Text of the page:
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Rare ‘Polio-Like’ Illness Spreading In Minnesota

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Rare ‘Polio-Like’ Illness Spreading In Minnesota

A recent surge in acute flaccid myelitis (AFM) in Minnesota has health officials on high-alert. AFM is a rare disease which mimics the symptoms of polio. The illness can cause paralysis in extreme cases.

AFM begins as a cold, runny nose, and cough. However, it can quickly turn into the paralysis of the arms and legs. Other symptoms include facial sagging, loss of muscle, difficulty swallowing, slurring of speech and paralysis.

James Hil told Minnesota’s ABC11 that his son Quinton suddenly was unable to move parts of his body.

“He started just complaining of just really bad neck stiffness. He couldn’t move his neck and then his left arm,” Hil said.

“We thought it was a dead arm. Like he was laying on it so we didn’t think much of it at first. But a couple hours into not being able to move his arm, we got concerned,” he continued.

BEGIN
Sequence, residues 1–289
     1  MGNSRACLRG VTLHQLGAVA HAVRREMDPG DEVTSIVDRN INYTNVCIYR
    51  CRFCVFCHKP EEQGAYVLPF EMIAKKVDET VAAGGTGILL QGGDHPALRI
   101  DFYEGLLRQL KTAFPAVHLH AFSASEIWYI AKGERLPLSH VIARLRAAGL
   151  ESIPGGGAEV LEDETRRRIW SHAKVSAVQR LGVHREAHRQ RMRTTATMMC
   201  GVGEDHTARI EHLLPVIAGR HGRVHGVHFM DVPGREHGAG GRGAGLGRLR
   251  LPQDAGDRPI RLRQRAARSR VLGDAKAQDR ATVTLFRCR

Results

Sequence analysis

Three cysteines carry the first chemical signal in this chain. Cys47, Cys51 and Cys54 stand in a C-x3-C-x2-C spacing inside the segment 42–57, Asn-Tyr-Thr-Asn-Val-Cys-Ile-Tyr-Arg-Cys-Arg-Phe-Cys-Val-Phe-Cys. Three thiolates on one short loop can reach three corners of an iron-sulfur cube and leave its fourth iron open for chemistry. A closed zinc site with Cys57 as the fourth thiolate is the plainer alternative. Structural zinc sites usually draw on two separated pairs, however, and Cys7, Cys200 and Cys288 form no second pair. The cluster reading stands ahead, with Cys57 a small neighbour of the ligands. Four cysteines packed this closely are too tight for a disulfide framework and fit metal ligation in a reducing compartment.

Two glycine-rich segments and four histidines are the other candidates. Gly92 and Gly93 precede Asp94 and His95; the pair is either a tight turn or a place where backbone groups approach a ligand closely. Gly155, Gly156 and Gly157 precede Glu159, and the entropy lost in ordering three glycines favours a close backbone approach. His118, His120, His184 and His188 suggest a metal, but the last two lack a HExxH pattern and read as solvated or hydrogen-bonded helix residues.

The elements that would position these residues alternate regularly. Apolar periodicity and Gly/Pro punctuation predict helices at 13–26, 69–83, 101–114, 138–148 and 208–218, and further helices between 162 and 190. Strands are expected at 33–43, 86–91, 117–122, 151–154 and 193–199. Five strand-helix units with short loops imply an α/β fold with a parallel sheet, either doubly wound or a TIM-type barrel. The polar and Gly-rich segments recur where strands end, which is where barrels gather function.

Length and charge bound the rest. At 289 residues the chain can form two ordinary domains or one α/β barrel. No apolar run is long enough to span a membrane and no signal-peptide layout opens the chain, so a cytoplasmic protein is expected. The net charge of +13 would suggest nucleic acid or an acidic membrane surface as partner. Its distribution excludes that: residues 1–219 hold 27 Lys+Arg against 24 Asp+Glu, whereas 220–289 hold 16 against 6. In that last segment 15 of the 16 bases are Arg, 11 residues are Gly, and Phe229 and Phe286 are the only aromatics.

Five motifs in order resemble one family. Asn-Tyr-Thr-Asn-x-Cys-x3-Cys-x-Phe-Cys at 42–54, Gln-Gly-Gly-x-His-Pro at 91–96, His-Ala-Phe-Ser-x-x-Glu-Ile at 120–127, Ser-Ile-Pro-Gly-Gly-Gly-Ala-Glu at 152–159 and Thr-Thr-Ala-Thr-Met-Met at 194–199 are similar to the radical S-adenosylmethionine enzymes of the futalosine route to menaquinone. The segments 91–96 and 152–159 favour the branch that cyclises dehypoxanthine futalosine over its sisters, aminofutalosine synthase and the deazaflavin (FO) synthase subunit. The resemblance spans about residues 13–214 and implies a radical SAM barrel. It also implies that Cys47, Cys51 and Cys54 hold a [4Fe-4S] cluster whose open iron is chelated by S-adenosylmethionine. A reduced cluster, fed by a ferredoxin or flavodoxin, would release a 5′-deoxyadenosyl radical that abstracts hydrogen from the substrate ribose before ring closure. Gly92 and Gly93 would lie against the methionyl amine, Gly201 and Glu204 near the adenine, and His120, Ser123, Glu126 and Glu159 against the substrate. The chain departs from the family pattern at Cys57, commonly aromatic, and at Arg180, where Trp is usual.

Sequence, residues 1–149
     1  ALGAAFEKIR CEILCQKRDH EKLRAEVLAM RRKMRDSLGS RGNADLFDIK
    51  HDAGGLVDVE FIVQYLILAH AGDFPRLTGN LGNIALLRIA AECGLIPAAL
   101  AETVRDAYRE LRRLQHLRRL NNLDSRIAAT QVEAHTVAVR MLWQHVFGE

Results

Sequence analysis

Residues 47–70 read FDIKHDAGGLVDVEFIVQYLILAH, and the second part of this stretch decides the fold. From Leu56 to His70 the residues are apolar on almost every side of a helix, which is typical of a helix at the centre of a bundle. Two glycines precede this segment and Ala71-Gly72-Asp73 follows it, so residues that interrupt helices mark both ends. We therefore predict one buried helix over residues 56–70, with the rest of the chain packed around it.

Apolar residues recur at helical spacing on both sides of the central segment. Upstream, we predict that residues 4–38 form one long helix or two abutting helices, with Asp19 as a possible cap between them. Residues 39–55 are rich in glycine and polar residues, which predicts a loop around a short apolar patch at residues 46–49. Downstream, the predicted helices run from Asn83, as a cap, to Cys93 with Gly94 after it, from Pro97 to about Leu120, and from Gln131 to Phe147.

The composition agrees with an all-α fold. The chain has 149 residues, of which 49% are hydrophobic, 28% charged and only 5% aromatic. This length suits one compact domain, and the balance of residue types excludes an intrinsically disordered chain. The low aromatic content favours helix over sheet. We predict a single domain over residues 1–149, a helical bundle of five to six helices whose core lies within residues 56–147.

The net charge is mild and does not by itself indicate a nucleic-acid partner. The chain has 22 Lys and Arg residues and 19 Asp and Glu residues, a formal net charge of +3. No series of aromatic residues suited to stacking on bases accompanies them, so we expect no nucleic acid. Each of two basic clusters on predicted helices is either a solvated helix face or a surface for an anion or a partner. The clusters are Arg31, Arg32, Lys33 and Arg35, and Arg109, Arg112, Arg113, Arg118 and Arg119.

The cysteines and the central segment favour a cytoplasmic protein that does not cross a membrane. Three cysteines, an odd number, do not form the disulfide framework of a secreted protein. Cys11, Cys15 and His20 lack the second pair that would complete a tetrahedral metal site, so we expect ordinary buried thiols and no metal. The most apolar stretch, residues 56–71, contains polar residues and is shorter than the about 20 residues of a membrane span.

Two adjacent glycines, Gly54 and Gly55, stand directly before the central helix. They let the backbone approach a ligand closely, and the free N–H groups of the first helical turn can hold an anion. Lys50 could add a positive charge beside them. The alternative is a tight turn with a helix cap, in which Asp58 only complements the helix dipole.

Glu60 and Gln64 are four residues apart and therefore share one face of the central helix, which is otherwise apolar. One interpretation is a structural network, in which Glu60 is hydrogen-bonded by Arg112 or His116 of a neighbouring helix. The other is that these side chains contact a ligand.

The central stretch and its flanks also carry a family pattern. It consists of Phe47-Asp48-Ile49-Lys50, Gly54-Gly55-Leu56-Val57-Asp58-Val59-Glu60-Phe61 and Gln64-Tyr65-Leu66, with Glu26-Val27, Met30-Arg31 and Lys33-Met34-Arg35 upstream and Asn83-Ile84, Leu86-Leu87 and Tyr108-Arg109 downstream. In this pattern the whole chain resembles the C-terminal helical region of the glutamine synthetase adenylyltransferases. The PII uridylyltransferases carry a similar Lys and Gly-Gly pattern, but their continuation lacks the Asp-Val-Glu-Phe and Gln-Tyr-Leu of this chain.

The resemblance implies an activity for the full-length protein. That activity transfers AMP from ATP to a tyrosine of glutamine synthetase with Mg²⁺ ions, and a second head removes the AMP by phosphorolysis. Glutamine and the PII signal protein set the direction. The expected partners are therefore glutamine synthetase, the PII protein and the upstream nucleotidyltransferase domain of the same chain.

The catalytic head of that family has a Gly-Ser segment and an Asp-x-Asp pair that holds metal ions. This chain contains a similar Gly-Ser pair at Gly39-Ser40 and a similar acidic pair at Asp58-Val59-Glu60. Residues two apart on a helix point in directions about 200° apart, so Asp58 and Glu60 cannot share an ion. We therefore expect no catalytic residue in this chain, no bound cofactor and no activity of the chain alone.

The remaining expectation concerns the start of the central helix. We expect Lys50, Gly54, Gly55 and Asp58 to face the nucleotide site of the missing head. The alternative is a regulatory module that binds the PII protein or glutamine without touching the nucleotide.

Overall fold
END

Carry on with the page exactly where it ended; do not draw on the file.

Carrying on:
Minnesota typically sees up to a single case (at most) of AFM annually. This year, there are six reported cases. Worse more, health officials have no idea what causes it.

All six acute flaccid myelitis cases are currently in Minnesota hospitals.

From 2014 to 2018, there have been 362 cases of AFM nationally.

Unfortunately, AFM has no cure. Although a slim number of kids are able to get some movement back, most never do.

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What Is Acute Flaccid Myelitis

Acute flaccid myelitis is a neurological disease that is usually (and rarely) found in children. Its cause is not clear. However, the working theory is that Acute flaccid myelitis is in fact, related to Polio.

Acute flaccid myelitis has increased since 2014, which has been of major concern for health officials.

Often, the Acute flaccid myelitis cases involve back, neck, and limb pain. This pain can sometimes precede paralysis. That paralysis can sometimes be a simple as the loss of one limb’s function, such as an arm.

While the jury remains out on the cause of acute flaccid myelitis, some science is point towards enterovirus 68 as being the culprit.

Most children who are diagnosed with acute flaccid myelitis have been vaccinated for polio.

Additionally, it is possible that acute flaccid myelitis has been underdiagnosed for years through misdiagnoses.


Author: Jim Satney

PrepForThat’s Editor and lead writer for political, survival, and weather categories.

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